Since dimerization was shown to be dispensable for enzyme activation, we speculated that dimer formation could possibly interfere with competitive feedback inhibition by GSH [12,15,29]. Thus, to address the question whether GCL dimerization affects interaction with GSH at the active site, recombinant GCL protein was co-crystallized with the non-reducing GSH analog GSM. GSM was used to uncouple redox activity from competitive binding, thus avoiding any sample heterogeneity that might arise due to partially reduced protein or oxidized GSH (like GSH, GSM inhibits GCL activity, however, slightly less efficiently [Table 3]). Note that during crystallization GCL protein concentration was 0.24 × 10−3 M (i.e. the oxidized GCL was in its dimeric state). The structure of the GCL–GSM complex was solved at 1.75 Å (see Material and methods) and shows the GSM derived protein interactions in detail (Figure 7 and Supplementary Table S2). One GCL homo-dimer was found per asymmetric unit and the electron density allowed clear localization of GSM in the active site of both chains of the dimer. The GSM–GCL complex displayed the glutamate-cysteine moiety well defined in a position equivalent to that in the previously characterized BSO-binding site  and similar to GSH binding in yeast GCL . In the cysteine binding pocket, the glycine moiety of GSH exhibits less defined electron density compared with the other parts of the ligand, indicating local flexibility. However, the density indicates that the carboxy terminus of the GSH-glycine residue interacts with the conserved Arg 220 (Figure 6). GSM binding induces a rearrangement of Arg 220 protruding towards the shallower end of the active site tunnel. The close similarity of the GSM–GCL complex with BSO and glutamate bound GCL  suggests that there is hardly any conformation change resulting in ligand-induced cross-talk between the two subunits upon GSH binding. Thus, it can be assumed that if in the oxidized dimer only one active site is blocked by GSH the second monomer will keep its activity.
Structure of the GSM–GCL complex confirms that in the dimeric state GSM has free access to the active site.
With the goal to explore the possible link between the formation of the regulatory intramolecular disulfide bridge in plant GCL [13,14] and the simultaneous formation of homo-dimers , the present study has revealed that homo-dimer formation can be assumed to occur in vivo, however, it does not appear to be required for redox-mediated activation via the formation of the regulatory intramolecular disulfide bridge (Cys186/Cys406).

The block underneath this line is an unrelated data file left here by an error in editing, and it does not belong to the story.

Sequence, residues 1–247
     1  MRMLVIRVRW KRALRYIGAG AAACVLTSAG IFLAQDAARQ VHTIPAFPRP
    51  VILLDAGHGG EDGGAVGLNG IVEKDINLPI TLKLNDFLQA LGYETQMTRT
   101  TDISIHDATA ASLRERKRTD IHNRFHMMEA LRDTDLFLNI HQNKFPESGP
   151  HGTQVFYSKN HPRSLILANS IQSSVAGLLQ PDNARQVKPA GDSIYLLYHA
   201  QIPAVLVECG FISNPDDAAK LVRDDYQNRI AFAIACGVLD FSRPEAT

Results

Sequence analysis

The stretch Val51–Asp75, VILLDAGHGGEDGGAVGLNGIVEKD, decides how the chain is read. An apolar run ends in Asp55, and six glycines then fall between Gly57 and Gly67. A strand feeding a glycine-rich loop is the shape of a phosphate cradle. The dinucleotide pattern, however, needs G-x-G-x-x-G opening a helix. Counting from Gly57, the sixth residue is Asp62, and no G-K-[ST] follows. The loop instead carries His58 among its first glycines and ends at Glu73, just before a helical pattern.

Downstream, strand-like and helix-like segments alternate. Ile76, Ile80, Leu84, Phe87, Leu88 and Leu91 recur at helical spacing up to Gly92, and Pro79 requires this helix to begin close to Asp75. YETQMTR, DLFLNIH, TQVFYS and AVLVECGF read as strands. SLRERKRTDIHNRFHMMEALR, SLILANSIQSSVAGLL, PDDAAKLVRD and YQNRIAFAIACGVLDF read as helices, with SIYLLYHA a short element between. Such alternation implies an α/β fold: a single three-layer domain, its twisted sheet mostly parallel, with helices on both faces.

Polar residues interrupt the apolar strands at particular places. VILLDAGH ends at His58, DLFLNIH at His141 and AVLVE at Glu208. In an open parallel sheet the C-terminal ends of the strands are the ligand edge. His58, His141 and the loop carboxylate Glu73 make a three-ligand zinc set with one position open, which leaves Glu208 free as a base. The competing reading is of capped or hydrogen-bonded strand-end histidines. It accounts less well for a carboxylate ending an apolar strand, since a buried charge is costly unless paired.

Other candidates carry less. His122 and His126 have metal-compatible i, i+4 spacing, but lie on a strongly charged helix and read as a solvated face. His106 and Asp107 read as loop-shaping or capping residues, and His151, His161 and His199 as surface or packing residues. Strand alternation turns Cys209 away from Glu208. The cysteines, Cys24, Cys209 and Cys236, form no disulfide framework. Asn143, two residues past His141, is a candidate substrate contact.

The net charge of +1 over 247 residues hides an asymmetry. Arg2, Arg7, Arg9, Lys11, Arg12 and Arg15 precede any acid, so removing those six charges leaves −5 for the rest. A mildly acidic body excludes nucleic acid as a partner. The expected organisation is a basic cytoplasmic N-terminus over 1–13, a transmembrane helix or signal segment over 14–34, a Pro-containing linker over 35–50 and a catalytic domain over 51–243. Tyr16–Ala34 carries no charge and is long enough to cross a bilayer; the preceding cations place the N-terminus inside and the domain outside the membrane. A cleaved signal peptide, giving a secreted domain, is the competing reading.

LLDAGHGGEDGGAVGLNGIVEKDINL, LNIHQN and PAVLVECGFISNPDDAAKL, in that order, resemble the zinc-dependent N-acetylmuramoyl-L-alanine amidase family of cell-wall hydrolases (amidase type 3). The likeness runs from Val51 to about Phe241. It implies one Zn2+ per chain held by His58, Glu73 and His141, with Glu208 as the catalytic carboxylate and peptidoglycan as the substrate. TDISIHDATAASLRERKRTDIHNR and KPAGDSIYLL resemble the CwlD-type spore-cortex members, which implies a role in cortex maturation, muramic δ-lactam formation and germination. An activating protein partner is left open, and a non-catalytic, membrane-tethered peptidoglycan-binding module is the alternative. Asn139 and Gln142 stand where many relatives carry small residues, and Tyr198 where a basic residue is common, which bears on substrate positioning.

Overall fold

In particular, the recombinant mutant proteins Glu141/Glu403 and Lys201/Lys479 (Table 1), both being compromised in homo-dimer formation (Figure 4), displayed a response to DTT-treatment comparable to the WT AtGCL protein (Figure 6) with no significant change in affinity for the three substrates cysteine, glutamate and ATP (Table 2). Note that GCL protein concentration in the enzyme assay was always 2 × 10−6 M, i.e. well above the KD value of WT AtGCL, thus assuring that WT AtGCL enzyme activity was determined under conditions causing homo-dimer formation (Figure 1). Under in vivo conditions, we expect GCL to rapidly dissociate into monomers after reduction in its disulfide bridge since (i) the high ionic strength of chloroplast stroma (∼100–200 mM) is favorable to dissociation (Figure 5), and (ii) in the mutants the elimination of a single salt bridge already prevents dimerization (Figure 4).
To address the question whether oxidized GCL protein dimerizes in situ in the chloroplast required a reliable assessment of its concentration in plastids, since plant GCL is exclusively localized in this compartment . Based on the conservative assumption that plastid volume represents not more than 10% of total tissue volume, the immunological quantification of GCL protein (Figure 2) predicted a plastidial concentration of ≥5 × 10−6 M. At this concentration, oxidized GCL protein is expected to be entirely dimerized (Figure 1C–E). Due to lack of sensitivity, it was not possible to estimate the KD value of the monomer-dimer transition by ITC. However, ITC experiments at higher GCL concentration indicated that dimers may associate to form tetramers, albeit with much lower affinity (KD: 9 × 10−5 M; Supplementary Figure S3).
Since GCL protein concentration in plastids is high enough to induce in vivo homo-dimerization upon redox-activation, but in vitro studies indicate that homo-dimerization does not show significant impact on enzyme activation, it remains an intriguing question whether GCL homo-dimerization conveys another function in vivo. Interestingly, dimerization of oxidized active GCL proteins is a feature specific to plants, while the structurally related GCL proteins from Agrobacterium tumefaciens (AtuGCL, α-proteobacteria) and Xanthomonas campestris (XcaGCL, γ-proteobacteria) do not dimerize, and are not redox-regulated, suggesting that the combination of redox-activation and dimerization might be a special adaptation of plant GCL to its plastidial environment .
Since GSH acts as a competitive inhibitor for GCL [12,15 and literature cited therein], we addressed the question whether GCL dimer formation impacts on access of GSH to its active site (Figure 7). However, based on the structural analysis of the GCL–GSM complex it can be excluded that GCL homo-dimer formation interferes with feedback inhibition by GSH. As GCL homo-dimerization in plants does not significantly affect KM values for the substrates cysteine, glutamate and ATP (Table 2), and does not interfere with the physiologically important feedback inhibition by GSH, it may be speculated that dimerization impacts on GCL protein stability in vivo. Stabilization via homo-dimer formation has been previously reported for other proteins [31,32]. Noteworthy, a shift of reduced (i.e. less active) to activated GCL is generally observed under different stress exposures such as heavy metal treatment or oxidative stress , conditions which also cause an increased proteolytic activity in plastids [33,34]. Whether homo-dimerization of redox-activated GCL in plastids confers a higher stability by possibly shielding certain domains remains to be shown.
This work was supported by the DFG (SPP1710; grants to Thomas Rausch, Markus Wirtz and Rüdiger Hell). Y.Y. was supported by a scholarship from the China Scholarship Council. Part of this study was funded by DFG (CRC 1036, TP13; grant to MW and RH).
We thank Jeremy Sloan for the technical support with ITC experiments.
The Authors declare that there are no competing interests associated with the manuscript.